Shannon Entropy - Explained in 90 Seconds
Shannon Entropy (also called Information Entropy) is a concept used in physics and information theory. Here's the scoop..
Suppose you have a system with n states i.e. whenever you make an observation of the system you find it's always in one of the n possible states.
Now make a large number of observations of the system, then use them to get the probability pi that if you make an observation the system is in state i. So for every state of the system you have a probability pi.
Now construct this crazy sum = p1*log(p1) + p2*log(p2) +... + pn*log(pn) where the sum is over all the states of the system.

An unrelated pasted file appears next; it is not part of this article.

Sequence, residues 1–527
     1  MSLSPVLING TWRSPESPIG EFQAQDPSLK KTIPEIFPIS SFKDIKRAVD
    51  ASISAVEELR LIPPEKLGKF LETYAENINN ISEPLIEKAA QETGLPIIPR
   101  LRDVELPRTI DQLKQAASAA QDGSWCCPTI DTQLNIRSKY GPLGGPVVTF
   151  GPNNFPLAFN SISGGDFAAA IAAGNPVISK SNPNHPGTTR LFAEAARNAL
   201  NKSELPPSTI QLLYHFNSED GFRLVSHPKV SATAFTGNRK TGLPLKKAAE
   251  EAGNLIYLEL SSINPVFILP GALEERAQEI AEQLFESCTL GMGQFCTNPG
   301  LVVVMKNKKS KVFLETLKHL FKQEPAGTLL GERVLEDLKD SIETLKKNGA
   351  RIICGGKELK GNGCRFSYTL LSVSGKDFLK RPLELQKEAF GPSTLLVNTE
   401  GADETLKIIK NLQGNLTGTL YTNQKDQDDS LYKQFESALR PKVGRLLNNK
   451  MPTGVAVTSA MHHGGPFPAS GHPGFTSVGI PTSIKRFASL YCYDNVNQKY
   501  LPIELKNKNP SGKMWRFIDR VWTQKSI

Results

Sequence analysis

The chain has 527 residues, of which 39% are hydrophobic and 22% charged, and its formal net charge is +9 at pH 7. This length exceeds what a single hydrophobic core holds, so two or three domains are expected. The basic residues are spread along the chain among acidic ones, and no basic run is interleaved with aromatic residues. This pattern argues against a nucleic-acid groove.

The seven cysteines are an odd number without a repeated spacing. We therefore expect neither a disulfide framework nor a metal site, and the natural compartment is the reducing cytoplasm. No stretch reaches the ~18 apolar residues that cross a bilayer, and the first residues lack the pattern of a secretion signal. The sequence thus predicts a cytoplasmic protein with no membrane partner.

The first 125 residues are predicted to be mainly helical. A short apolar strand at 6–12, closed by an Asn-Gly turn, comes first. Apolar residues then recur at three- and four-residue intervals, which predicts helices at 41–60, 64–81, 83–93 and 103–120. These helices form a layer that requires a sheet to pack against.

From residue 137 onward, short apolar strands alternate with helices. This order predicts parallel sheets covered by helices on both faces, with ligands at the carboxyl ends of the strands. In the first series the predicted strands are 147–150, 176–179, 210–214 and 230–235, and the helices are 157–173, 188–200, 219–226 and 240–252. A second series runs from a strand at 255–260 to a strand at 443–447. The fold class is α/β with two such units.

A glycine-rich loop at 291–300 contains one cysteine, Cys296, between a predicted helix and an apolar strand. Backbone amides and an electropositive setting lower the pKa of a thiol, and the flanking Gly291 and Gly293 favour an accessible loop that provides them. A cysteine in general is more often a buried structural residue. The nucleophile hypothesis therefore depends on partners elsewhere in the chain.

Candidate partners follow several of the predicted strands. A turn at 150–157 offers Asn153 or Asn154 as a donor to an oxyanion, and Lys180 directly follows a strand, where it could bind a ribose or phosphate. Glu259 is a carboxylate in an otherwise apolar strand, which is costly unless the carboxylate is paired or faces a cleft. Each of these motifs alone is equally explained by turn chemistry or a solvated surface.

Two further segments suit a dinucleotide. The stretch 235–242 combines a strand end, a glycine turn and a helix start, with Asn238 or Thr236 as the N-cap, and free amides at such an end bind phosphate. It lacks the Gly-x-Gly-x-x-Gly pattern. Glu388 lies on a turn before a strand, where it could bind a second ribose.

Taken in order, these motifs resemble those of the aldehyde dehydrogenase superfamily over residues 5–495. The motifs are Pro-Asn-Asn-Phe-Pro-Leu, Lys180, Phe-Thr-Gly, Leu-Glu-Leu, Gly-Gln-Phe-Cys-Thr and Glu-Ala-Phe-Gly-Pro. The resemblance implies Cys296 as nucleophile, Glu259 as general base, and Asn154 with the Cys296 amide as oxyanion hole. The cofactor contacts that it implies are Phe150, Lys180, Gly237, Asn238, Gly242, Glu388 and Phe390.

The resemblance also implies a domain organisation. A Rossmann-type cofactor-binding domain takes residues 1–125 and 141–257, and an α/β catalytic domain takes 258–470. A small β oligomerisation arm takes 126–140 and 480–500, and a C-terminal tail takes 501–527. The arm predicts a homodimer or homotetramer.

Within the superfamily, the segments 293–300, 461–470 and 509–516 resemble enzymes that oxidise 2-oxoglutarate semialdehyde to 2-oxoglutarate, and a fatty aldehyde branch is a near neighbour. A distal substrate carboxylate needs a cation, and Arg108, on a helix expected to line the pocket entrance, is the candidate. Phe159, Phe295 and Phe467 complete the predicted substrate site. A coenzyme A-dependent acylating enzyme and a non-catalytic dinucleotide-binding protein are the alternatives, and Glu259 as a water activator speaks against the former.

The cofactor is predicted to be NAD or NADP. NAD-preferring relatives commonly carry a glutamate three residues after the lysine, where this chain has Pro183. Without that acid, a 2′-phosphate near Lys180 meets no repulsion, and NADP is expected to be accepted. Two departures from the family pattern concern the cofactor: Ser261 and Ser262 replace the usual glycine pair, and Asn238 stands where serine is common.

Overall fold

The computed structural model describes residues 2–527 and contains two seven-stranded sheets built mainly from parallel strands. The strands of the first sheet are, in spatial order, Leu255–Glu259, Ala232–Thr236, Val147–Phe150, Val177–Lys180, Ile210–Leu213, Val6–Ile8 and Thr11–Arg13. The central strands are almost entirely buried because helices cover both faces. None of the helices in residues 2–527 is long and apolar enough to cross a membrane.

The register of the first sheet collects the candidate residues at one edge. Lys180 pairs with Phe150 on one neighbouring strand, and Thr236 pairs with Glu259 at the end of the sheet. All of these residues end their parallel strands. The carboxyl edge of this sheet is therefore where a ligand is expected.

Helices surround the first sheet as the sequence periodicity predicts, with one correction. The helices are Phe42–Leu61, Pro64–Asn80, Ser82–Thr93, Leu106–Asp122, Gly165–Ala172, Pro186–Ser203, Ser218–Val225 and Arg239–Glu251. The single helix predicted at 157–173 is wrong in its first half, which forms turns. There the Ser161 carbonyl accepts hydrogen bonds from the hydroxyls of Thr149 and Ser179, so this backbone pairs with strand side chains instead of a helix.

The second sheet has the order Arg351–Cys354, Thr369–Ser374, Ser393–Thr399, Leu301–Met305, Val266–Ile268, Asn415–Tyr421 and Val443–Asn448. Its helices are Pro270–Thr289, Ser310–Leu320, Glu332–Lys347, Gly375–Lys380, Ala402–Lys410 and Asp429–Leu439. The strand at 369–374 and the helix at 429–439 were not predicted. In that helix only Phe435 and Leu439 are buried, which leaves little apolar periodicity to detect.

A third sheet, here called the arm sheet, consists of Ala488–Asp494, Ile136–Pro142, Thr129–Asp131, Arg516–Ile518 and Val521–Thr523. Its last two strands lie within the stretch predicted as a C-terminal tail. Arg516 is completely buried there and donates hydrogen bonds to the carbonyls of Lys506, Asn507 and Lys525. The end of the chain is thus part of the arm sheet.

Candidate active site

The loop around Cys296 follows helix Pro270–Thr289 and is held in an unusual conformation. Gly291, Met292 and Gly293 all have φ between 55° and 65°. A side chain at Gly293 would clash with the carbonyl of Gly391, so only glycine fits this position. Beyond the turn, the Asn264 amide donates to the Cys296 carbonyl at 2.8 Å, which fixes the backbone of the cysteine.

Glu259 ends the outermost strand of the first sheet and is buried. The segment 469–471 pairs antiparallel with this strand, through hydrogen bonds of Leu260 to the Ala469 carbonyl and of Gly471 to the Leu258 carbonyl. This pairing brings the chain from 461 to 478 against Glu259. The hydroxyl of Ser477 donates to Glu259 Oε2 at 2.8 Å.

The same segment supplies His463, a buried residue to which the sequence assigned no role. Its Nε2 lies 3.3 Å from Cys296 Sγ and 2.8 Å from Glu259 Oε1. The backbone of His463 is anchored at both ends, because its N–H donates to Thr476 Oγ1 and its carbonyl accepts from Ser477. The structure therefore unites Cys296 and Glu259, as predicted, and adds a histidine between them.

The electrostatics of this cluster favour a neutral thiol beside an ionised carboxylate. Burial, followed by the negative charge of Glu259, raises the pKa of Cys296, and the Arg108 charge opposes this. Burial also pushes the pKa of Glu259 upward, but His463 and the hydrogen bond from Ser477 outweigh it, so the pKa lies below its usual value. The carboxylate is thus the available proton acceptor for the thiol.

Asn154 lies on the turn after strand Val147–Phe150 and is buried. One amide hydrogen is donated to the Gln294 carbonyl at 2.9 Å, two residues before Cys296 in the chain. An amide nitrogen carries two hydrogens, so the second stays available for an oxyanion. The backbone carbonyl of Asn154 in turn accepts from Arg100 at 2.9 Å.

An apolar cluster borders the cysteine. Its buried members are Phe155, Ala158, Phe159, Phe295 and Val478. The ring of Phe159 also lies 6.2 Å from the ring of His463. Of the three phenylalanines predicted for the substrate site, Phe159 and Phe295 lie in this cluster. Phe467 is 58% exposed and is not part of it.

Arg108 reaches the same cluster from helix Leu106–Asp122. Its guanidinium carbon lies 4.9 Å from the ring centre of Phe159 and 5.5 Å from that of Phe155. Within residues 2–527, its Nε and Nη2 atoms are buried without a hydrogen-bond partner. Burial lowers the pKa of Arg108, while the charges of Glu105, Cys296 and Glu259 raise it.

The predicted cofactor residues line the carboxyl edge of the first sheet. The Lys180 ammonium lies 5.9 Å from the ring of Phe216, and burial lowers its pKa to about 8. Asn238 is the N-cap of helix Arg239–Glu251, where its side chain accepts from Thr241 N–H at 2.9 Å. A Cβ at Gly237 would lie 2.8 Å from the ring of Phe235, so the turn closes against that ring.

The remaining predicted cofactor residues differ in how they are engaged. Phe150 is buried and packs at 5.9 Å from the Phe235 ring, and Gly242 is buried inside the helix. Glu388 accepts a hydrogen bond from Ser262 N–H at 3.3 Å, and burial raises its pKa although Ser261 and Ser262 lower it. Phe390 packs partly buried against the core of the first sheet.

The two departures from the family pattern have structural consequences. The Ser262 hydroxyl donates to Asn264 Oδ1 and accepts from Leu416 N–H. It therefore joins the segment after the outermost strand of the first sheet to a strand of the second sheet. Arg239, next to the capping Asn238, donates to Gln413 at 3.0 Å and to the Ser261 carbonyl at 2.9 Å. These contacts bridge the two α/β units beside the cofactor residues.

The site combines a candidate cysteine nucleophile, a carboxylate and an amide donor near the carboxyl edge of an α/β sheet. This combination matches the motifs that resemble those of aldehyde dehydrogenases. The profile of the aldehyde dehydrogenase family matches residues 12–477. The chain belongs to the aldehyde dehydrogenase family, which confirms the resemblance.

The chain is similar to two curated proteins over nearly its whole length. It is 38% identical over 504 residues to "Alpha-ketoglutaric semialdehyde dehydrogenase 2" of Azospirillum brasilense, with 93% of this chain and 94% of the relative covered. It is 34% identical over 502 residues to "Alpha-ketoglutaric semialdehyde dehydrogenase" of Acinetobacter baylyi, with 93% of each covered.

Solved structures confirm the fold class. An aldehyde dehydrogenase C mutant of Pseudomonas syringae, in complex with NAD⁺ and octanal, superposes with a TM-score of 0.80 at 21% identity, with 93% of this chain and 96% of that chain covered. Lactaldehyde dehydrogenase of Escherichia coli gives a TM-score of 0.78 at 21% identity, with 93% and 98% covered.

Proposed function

If the log is base 2 then (-1)*sum is called the "information entropy" of the system.
Note that "information entropy" applies to a complete system, not individual states of a system.
Here's a simple example..
My system is a penny and a table.
I define the system to have 2 states.. penny lying stationary on the table with heads up or with tails up.
My experiment is to throw the penny and then observe which state results.
I throw the penny many times and make notes. It lands heads up 1% of the time and tails up 99% of the time (it's biased).
The crazy sum is 0.01*log(0.01) + 0.99*log(0.99) = 0.01*(-6.643856) + 0.99*(-0.0145) = -0.08079356
So the information entropy of the system is (-1)*(-0.08079356) = 0.08079356
Content written and posted by Ken Abbott firstname.lastname@example.org